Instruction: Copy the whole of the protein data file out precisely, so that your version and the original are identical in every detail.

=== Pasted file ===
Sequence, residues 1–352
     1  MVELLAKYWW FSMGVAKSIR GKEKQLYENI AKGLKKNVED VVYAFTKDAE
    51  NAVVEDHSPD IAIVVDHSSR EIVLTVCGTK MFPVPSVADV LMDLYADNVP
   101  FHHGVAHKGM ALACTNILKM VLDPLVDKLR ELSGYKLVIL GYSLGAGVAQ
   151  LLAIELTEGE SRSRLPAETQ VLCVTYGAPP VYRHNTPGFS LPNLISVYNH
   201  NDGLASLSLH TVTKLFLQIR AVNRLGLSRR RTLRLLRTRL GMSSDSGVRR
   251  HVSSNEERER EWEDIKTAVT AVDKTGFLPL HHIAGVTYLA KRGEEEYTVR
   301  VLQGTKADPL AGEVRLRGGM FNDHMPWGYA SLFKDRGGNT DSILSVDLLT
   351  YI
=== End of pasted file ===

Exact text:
Sequence, residues 1–352
     1  MVELLAKYWW FSMGVAKSIR GKEKQLYENI AKGLKKNVED VVYAFTKDAE
    51  NAVVEDHSPD IAIVVDHSSR EIVLTVCGTK MFPVPSVADV LMDLYADNVP
   101  FHHGVAHKGM ALACTNILKM VLDPLVDKLR ELSGYKLVIL GYSLGAGVAQ
   151  LLAIELTEGE SRSRLPAETQ VLCVTYGAPP VYRHNTPGFS LPNLISVYNH
   201  NDGLASLSLH TVTKLFLQIR AVNRLGLSRR RTLRLLRTRL GMSSDSGVRR
   251  HVSSNEERER EWEDIKTAVT AVDKTGFLPL HHIAGVTYLA KRGEEEYTVR
   301  VLQGTKADPL AGEVRLRGGM FNDHMPWGYA SLFKDRGGNT DSILSVDLLT
   351  YI